Already, with the advent of social media and on-line gaming, the need for face-to-face interaction with real people has lessened considerably. This would potentially drive that even further. Why should I date if I have the perfect “girl or guy friend” already at home? Why bother with a temperamental human when I can have the perfect companion who never gets angry, never complains, and always does exactly what I ask?

What if I want to have children? Well, I can always adopt. There is an app for my model that teaches him/her how to do diapers and all that other domestic stuff. For that matter, why bother with real children anyway when I can have perfectly “natural” looking robot children, who always stay the perfect age, that I can take with me when I want and put away when I am through with them? Who never talk back; never go through the terrible two’s or puberty. Who never act out?

And here’s the thing. If you are a guy, you can always change your mind. You can always find a woman to marry (at least in theory) and can start a real family if you like. If you are a woman however, things are more problematic. If you wait too long, you may not have the opportunity for real children – or at least not very many. What do you suppose this will do to birth rates in the U.S.?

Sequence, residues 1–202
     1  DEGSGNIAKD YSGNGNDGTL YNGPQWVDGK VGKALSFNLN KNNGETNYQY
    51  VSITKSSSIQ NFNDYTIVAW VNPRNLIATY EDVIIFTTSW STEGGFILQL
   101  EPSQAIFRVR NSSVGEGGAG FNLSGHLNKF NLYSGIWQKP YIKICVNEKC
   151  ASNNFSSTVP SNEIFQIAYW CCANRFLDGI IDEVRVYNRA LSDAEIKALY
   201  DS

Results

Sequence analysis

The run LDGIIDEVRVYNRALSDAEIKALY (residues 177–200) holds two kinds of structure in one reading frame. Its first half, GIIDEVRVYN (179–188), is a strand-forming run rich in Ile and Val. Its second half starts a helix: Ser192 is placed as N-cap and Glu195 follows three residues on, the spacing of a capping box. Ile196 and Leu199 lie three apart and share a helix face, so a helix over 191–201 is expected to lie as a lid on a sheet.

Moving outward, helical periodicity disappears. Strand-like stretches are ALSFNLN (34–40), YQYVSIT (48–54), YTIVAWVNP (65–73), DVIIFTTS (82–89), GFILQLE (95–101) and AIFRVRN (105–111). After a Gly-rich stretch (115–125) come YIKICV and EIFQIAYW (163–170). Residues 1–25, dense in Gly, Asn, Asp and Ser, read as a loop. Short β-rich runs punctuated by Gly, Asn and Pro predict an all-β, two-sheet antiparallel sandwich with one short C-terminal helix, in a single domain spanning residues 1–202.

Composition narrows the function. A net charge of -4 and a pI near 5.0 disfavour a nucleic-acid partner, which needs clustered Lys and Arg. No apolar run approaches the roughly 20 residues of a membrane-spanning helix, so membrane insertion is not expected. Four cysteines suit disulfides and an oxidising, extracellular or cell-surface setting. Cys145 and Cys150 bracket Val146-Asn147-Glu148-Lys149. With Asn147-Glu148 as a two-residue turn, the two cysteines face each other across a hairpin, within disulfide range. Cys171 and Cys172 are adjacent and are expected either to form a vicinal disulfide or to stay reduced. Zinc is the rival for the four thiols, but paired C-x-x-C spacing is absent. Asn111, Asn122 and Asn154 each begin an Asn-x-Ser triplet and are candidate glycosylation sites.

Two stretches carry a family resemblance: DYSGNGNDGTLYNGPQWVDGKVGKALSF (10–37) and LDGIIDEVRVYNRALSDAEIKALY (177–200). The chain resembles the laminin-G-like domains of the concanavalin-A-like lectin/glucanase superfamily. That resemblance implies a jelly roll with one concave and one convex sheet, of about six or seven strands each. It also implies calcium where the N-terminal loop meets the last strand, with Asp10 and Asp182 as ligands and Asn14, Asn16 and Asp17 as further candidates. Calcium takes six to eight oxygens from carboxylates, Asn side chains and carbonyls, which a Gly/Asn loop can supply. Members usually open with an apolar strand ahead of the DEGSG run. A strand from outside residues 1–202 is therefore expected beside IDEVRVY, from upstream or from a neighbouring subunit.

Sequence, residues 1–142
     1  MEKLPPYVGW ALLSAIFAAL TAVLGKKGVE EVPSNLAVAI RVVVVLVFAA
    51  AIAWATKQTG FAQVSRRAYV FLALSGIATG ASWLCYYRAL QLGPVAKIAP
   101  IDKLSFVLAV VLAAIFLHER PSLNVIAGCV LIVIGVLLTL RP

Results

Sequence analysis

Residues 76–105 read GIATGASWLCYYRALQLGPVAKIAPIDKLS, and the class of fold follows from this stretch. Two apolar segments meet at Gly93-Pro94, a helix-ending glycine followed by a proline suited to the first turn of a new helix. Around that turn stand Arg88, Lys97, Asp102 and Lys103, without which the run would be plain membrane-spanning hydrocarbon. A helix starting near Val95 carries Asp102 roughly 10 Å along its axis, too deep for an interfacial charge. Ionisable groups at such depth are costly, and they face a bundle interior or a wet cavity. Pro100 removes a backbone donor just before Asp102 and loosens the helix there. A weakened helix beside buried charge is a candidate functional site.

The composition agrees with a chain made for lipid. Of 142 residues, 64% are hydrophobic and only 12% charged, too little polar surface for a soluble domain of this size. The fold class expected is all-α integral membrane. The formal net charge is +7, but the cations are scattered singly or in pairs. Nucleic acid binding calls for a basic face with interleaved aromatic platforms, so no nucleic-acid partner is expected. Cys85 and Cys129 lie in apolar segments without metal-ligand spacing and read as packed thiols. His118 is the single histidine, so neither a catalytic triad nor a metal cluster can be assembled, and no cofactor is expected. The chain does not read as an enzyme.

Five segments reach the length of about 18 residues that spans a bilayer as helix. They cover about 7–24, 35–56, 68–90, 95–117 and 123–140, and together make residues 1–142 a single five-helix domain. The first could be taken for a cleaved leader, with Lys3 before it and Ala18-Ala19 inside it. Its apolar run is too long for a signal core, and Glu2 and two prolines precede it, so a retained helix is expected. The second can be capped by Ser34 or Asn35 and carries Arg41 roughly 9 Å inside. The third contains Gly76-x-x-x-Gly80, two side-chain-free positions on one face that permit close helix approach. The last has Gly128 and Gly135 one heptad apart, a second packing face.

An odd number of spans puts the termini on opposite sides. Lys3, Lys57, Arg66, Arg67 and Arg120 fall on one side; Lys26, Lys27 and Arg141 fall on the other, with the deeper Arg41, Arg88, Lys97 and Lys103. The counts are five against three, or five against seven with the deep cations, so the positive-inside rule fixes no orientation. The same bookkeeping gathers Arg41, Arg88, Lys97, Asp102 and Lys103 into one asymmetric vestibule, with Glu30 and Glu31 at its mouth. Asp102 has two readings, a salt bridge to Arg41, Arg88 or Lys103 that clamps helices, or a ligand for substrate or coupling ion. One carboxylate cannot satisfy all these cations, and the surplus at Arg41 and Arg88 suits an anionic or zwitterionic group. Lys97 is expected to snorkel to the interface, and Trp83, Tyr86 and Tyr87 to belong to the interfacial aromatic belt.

Between those who elect to never have kids and those who start late, birth rates will plummet; they are already on the verge of doing so anyway. The only thing keeping our population increasing is immigration; we have already dropped below replacement birthrate otherwise, though not to the extent many other developed nations have.

So back to the original question, “Would you marry a robot?” I doubt it. Why would you? What would be the point? Many guys who live with a real woman never bother. As the saying goes, “why pay for the cow when the milk is free?” This would be even more so when it comes to a robot companion. What would be the advantage?

Since the Obergefell decision, marriage is no longer exclusively an institution primarily devoted to raising and caring for children. It has instead morphed into an institution for sexual enjoyment and secular benefits. For living, breathing human couples, this has significance – there are legal benefits to marriage between two people that they do not get by simply living together, no matter how committed the relationship may be. But what would be the rationale for marrying your robot companion? None of these benefits would accrue to such a relationship.